Social Theory and the 2005 NYC Transit Union Strike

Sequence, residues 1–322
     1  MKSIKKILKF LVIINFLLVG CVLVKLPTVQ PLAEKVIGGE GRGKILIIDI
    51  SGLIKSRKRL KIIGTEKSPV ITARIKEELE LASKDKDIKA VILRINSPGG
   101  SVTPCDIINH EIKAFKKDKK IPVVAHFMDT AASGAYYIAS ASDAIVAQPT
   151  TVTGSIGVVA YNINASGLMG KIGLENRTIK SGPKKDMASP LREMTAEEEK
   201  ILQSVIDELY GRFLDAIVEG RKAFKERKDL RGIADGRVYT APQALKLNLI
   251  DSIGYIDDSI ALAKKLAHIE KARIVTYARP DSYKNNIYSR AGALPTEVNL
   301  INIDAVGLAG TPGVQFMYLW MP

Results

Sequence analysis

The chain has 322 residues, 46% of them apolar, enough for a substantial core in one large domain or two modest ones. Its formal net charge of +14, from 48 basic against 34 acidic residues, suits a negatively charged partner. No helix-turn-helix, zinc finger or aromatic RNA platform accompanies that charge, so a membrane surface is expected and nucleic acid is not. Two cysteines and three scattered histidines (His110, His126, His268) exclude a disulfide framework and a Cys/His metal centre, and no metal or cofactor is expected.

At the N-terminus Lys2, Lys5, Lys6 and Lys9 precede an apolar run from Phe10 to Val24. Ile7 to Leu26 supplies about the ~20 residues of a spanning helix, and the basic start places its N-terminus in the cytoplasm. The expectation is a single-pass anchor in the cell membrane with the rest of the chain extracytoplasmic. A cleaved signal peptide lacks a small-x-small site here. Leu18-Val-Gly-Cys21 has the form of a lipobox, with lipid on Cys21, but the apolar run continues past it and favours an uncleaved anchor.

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Social Theory and the 2005 Transit Union Strike (NYC) The public vs. private sphere is a prominent theme in C. Wright Mill’s ‘The Sociological Imagination. The private sphere (biographical context) is represented by the individual’s ‘troubles’; the factors that ‘…have to do with his self and with those limited areas of social life of which he is directly and personally aware’ (Lemert, 350). The public sphere (historical context) is represented by ‘issues’; it breaks free from the limited sphere of one’s troubles and allows for ‘…the organization…with the ways in which various milieu overlap and interpenetrate to form the larger structure of social and historical life’ (Lemert, 351). Therefore, Mills is encouraging the practice of the private sphere spilling into the public sphere to create maximum progress in society. The private vs. public sphere theme of the sociological imagination is the motivation of the MTA transit workers to go on strike in late 2005. The private sphere of the MTA transit workers is represented by the personal characteristics of the MTA transit workers. Most of the workers behind the strike worked routes that ran within the five boroughs of the NYC metro area. A significant portion of this population is multi-ethnic: a great deal of African Americans and Hispanics are residents. Therefore, MTA managers hire more of the same workers. In contrast, more whites work the commuter rails going in and out of the city: this represents the greater percentage of whites that live outside the city. The public sphere is influenced by the private sphere. More specifically, the MTA managers before the strike practiced unequal wage pay and pension benefits between the city transit workers and the commuter workers. More specifically, the commuter workers were receiving more benefits than city workers. With this said, the MTA city workers used

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